The consumer goods sector has held up well through the recent market carnage. Rivals Procter & Gamble (NYSE:PG) and Kimberly-Clark (NYSE:KMB) are up 10% in the last six months, compared to an 11% dive in the broader market.

PG Chart

PG data by YCharts.

From their strong dividends to their rock-solid balance sheets and reasonable valuations, it's easy to see why investors would flock to these consumer staples giants as stocks sink. But which one is the better buy right now?




Market Cap

$223 billion

$47 billion

Sales Growth



Profit Margin



Dividend Yield



Forward P/E



Sales growth is for the last complete fiscal year. Profit margin is over the past 12 months. Data provided by S&P Global Market Intelligence.

P&G wins on profits
Investors who value efficiency should prefer Procter & Gamble. After all, the consumer titan's 49% profit margin trounces Kimberly-Clark's 36%. And P&G is set to widen this gap even more over the years ahead.

Image source: P&G.

CEO David Taylor and his executive team are now done shedding the company's worst-performing brands, leaving just 10 umbrella categories for P&G to compete in. These segments are packed with blockbuster franchises like Tide, Gillette, and Pantene, which management selected for their above-average profit growth potential. Shareholders should start seeing this transition pay off in the years ahead as P&G's overall profitability rises.

Meanwhile, cost cuts promise to have the same effect on margins. P&G has sliced billions out of its expense structure, and is on pace to slice even more out through the next two years. You can't really see the result of all these cuts because foreign currency swings are having the opposite effect on profits. But once those exchange-rate issues subside, the path is clear for major earnings growth at P&G.

Kimberly-Clark wins on growth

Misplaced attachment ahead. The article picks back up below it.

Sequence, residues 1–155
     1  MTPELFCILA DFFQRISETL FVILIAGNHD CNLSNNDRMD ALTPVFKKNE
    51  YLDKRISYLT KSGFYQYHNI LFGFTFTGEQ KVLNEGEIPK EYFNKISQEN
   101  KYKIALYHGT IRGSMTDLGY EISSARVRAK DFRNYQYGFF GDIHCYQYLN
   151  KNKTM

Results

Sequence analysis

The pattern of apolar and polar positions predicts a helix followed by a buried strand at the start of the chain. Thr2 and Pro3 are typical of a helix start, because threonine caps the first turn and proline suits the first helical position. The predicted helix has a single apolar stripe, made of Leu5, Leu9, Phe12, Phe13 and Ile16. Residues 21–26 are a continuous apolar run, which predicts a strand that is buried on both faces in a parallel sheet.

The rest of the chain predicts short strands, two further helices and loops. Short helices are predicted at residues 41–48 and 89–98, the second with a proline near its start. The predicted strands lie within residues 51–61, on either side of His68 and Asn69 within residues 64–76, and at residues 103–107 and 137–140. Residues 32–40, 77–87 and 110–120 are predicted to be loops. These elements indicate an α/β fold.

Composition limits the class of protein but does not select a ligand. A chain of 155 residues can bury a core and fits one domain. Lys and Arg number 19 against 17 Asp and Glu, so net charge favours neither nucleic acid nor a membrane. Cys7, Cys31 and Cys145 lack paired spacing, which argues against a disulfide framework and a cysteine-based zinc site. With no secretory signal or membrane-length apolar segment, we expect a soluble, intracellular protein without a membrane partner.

Kimberly-Clark dominates this match-up with regard to revenue growth, though. It posted a 5% bounce in organic sales last year, compared to just 1% for P&G.

PG Revenue (TTM) Chart

PG Revenue (TTM) data by YCharts.

Look closer at the organic growth figures and you'll see that Kimberly-Clark is ahead not just on quantity, but on quality as well. The company managed healthy sales volume gains in each of its key product categories last year. That boost combined with slight price increases to produce the 5% overall growth figure. In contrast, P&G's volume fell across its business segments, and so it has been relying completely on price hikes to achieve any sales growth.

Looking ahead, P&G sees another potentially flat growth result for its fiscal year that ends in June, while Kimberly-Clark sees organic sales improving by 3% to 5% in 2016.

Mr. Market is currently offering investors Kimberly-Clark's business for 21 times the $6.10 per share that it is expected to earn this year, a relative bargain compared to P&G's 23 times earnings valuation. But I see a few reasons why that premium might be worth paying.

P&G's significantly higher dividend yield is one, even if its payout ratio has climbed to distressingly high levels recently. Second, sales and profit growth could both start improving next year thanks to that stronger brand portfolio and those falling costs. And finally, foreign currency swings and brand divestments have temporarily hurt both earnings and sales, making P&G seem more expensive than it really is on a price-to-earnings basis.

Bottom line: While either stock is a good choice for conservative investors looking for steady growth and above-average dividends, my view is that P&G is the stronger choice at today's prices.

This article represents the opinion of the writer, who may disagree with the “official” recommendation position of a Motley Fool premium advisory service. We’re motley! Questioning an investing thesis -- even one of our own -- helps us all think critically about investing and make decisions that help us become smarter, happier, and richer.